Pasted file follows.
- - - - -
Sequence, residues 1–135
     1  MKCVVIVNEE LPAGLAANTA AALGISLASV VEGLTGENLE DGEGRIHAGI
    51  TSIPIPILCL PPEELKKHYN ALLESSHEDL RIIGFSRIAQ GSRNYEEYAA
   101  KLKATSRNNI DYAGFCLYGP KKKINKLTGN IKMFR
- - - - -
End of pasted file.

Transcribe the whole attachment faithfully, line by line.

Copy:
Sequence, residues 1–135
     1  MKCVVIVNEE LPAGLAANTA AALGISLASV VEGLTGENLE DGEGRIHAGI
    51  TSIPIPILCL PPEELKKHYN ALLESSHEDL RIIGFSRIAQ GSRNYEEYAA
   101  KLKATSRNNI DYAGFCLYGP KKKINKLTGN IKMFR